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Grief & pet loss pg 1...
Grief & pet loss pg 2...
Gone but not forgotten...

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GRIEVING THE LOSS OF A PET
By Margaret Muns, DVM

Margaret Muns, DVM is the staff veterinarian on the Best Friends Animal Sanctuary.
(http://bestfriends.org)
Grief is the normal response to any important loss in life. It occurs regardless of whether death followed a prolonged illness, or a sudden accident. Grieving people experience both physical and emotional traumas as they try to adapt to the upheaval in their lives brought about by the loss.

Psychologists have long recognized that the grief suffered by pet owners after their pet dies is the same as that experienced after the death of a person. The death of a pet means the loss of a non-judgmental love source. There is no longer anything for the pet owner to nurture and care for. Furthermore, the owner looses his or her contact with "the natural world." These feelings can be particularly intense for the elderly, single people and childless couples,( for whom the pet also is a child substitute).

THE STAGES OF GRIEF

In truth, the process of grief is not a cut and dried process that can be subdivided into strict categories. Rather, the grief process is a continuum, with each person experiencing it in a different way. Dividing the grief process in to "stages" helps the grief stricken person to understand that their experiences and emotions are normal. Some people will quickly progress through all the phases, while others appear to get "stuck" in a particular phase. Briefly, the stages of grief are as follows:

1. SHOCK AND DENIAL

The reality of death has not yet been accepted by the bereaved. He or she feels stunned and bewildered-as if everything is "unreal."

2. ANGER

The grief stricken person often lashes out at family, friends, themselves, God, the Veterinarian or the world in general. Bereaved people will also experience feelings of guilt or fear during this stage.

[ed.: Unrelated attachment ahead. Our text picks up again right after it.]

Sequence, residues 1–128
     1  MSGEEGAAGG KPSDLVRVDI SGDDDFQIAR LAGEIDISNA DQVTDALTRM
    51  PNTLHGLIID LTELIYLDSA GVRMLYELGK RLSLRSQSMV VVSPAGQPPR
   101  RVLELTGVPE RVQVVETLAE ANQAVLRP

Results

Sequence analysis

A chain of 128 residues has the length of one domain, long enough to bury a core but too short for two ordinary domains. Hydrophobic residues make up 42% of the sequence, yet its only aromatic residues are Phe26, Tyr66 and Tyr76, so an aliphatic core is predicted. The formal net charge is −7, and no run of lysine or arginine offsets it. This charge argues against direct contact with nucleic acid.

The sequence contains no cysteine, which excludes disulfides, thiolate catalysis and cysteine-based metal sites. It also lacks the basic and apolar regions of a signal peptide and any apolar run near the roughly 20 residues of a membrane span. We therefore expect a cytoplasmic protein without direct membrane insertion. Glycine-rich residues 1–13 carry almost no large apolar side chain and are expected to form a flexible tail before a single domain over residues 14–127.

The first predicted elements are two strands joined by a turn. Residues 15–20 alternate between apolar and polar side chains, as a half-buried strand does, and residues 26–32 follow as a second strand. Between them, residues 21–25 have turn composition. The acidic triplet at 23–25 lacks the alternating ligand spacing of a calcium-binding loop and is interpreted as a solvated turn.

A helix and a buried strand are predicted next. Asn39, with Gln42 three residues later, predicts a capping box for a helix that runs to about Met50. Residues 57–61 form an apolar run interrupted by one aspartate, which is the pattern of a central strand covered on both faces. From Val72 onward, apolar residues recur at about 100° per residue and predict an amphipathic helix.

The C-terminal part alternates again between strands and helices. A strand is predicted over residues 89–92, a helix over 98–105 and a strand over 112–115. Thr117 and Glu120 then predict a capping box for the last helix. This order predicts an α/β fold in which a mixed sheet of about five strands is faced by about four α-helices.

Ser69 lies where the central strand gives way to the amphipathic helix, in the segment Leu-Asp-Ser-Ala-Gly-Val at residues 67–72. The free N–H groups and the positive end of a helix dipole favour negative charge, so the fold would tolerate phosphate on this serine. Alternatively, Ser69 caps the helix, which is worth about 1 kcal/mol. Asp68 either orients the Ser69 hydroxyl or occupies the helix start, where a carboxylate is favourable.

3. BARGAINING

In this stage, the bereaved asks for a deal or reward from either God, the Veterinarian or the Clergy. Comments like "I'll go to Church every day, if only my pet will come back to me" are common.

4. DEPRESSION

Depression occurs as a reaction to the changed way of life created by the loss. The bereaved person feels intensely sad, hopeless, drained and helpless. The pet is missed and thought about constantly.

5. ACCEPTANCE

Acceptance comes when the changes brought upon the person by the loss are stabilized into a new lifestyle. The depth and intensity of the mourning process depends on many factors. The age of the owner, circumstances surrounding the death, relationship of the animal to the owner and to other family members, are all significant. Recently experiencing the death of a significant person in the owner's life can also affect how the pet's death is handled. Usually, children recover more quickly, while the elderly take the longest. Sometimes, the death of a pet will finally enable the bereaved to mourn the loss of a person, whose death had not yet been accepted.

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HEALING

Given time, healing will occur for the bereaved owner. However, there are several things that the grief-stricken owner can do to help speed up the healing process:

1. Give yourself permission to grieve. Only YOU know what your pet meant to you.

2. Memorialize your pet. This can make the loss seem more real, helps with closure, and allows you to express feelings, pay tribute and reflect.

3. Get lots of rest, good nutrition and exercise.

4. Surround yourself with people who understand your loss. Let others care for you, and take advantage of support groups for bereaved pet owners.

5. Learn all you can about the grief process. This helps owners realize that what they are experiencing is normal.

6. Accept the feelings that come with grief. Talk, write, sing, or draw.

7. Indulge yourself in small pleasures.

8. Be patient with yourself. DON'T let society dictate how long mourning should last.

9. Give yourself permission to backslide. It WILL end and your life WILL be normal again. Grief is like waves in the ocean: at first the waves come in fast and hard, but as time goes on, the waves become less intense and further apart. Don't be surprised if holidays, smells, sounds, or words trigger a relapse.

10. Don't be afraid to get help from pet loss support groups and/or grief counselors.

CONCLUSION

Grief is probably the most confusing, frustrating and emotional thing that a person can experience. It is even more so for pet owners. Society in general does not give bereaved pet owners "permission" to grieve openly. Consequently, pet owners often feel isolated and alone.

Luckily, more and more resources are becoming available to help the bereaved pet owner realize that they are NOT alone and that what they are feeling is entirely normal.

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